The Feitoria is a unique tile improvement of the Portuguese civilization in Civilization VI. It is built by the Nau and must be on a Coast or Lake tile adjacent to land and a bonus or luxury resource in the territory of another civilization or city-state with whom you have Open Borders.
- Cannot be adjacent to another Feitoria.
- Cannot be removed.
The Feitoria makes a great comeback in Civilization VI, and while it retains its unique concept from the Civilization V counterpart, the Feitoria is a useful, integral part in the Portuguese strategy.
First and foremost, the Feitoria is now built by the Nau, a Caravel replacement, which means your Builders no longer have to brave the waves and cross the oceans anymore. The construction of Feitorias, therefore, is reliable, fast and efficient. Furthermore, Feitorias can now be constructed in territory of both city-states and any civilizations with whom you have Open Borders (this means using war as a way to gain the right to build Feitorias will not work). Due to their unique nature, being the only improvement that has to be built in foreign territory, the Feitorias come with a few quirks:
- The yields on the Feitoria tile belongs to the civilization that owns the tile.
- If later Oil is revealed underneath the Feitoria, the owner of the tile will gain Oil per turn without needing the Plastics tech for Offshore Oil Rig. However, the owner still needs to research Steel first.
- Multiple Feitorias can be built in the same city and their bonuses stack.
- Feitorias can be removed only by coastal flooding (see photos), nukes, Comet Strikes (in the Apocalypse game mode), when the home city is razed or when captured by Portugal. When a third party civilization captures a Feitoria, it will stay.
- Feitorias built next to bonus resources will not be removed if the bonus resources are harvested.
When combined with the Portuguese civilization ability, each Feitoria actually grants 6 Gold and 1.5 Production to Portuguese Trade Routes. Remember, because there is a strict restriction on where Portugal can send their Trade Routes, it is useless to place Feitorias where you can't send Trade Routes to. However, since the Feitoria has to be built next to a bonus or luxury resource, including water resources, use it to strategically block good Harbor locations of the opponents' coastal cities. As long as those cities are directly on the coast, you can still send Trade Routes to them even without them having Harbors, so this will not hurt you. Also, use Feitorias to block Kampung and Polder placements if Indonesia and Netherlands are in the game. Although you can always build Feitorias in city-states' territory as long as you are not at war with them due to João's ability, it is probably best to save the build charges for a major civilization. Since city-states' infrastructure is often underdeveloped, sending Trade Routes to city-states without any bonus specific to city-states trading like Kumasi's suzerainty are less bountiful.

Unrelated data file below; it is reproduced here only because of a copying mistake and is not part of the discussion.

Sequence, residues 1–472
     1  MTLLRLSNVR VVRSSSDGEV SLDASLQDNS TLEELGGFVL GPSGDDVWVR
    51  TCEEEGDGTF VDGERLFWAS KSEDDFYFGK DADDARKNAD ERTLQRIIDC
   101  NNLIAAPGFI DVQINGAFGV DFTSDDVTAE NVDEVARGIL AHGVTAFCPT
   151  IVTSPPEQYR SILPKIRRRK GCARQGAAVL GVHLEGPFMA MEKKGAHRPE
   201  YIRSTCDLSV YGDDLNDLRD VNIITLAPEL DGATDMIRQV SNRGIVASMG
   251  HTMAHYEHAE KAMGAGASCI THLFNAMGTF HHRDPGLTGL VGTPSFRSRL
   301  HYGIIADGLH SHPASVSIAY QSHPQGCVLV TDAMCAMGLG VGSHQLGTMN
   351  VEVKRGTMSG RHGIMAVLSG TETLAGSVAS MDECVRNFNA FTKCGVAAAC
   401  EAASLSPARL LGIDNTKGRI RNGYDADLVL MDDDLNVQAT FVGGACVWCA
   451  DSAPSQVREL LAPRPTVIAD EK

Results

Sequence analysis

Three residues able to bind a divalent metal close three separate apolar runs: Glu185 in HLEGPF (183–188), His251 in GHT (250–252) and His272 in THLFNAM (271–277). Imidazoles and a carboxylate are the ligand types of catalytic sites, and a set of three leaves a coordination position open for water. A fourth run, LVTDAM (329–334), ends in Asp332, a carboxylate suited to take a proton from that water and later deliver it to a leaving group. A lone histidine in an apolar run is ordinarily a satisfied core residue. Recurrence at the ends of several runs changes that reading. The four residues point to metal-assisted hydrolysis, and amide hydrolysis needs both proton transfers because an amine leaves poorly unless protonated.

There are certain games where there are not a lot of spots inside cities of major civilizations where you can put Feitorias, a fun but niche strategy in this situation would be to create an artifical Feitoria city. First settle a city with plenty of space for Feitorias (ideally this city spot should be within the trade range of many of your cities, and only close to one other empire, so that you can later nullify the Loyalty pressure from that empire by a Cultural Alliance), pre-plan where to place them, purchase the tiles necessary for the Feitorias, position enough Naus close to the designated Feitoria tiles and then hand the city over to a your trading partner and form a Cultural Alliance with them. Then, move your Naus in and proceed to place as many Feitorias as possible. This, in addition to the Wisselbanken policy card and the Democracy government, allows every Trade Route to this city to yield significantly more both Production and Gold.
The feitoria – literally “factory” – was a trade depot set up overseas to facilitate trade, and, as such, it was a key institution of early mercantilist projects, especially the Portuguese networks of the early modern period (1300s-1600s). Here, European merchants could exchange goods in a space protected by European arms, operating with some degree of independence from the local ruler – and local pirates. Feitoria had a dark side, however: non-Europeans were not allowed to own land within one, and, later, they were key outposts of European colonization. Worse, the feitorias were key outposts in the trafficking of enslaved people.
The first Portuguese feitoria was in the North African country of Mauritania, but later outposts were in Goa (in India), Malacca (in present-day Malaysia), Ternate (present-day Indonesia), Macau (in China), and Nagasaki (in Japan). In each spot, the Portuguese left their mark: Malacca and Goa have sizeable Catholic populations, Macau has impressive architecture left over from the Portuguese period, and bakers in Nagasaki still make Portuguese-style castella (kasutera, in Japanese) cakes.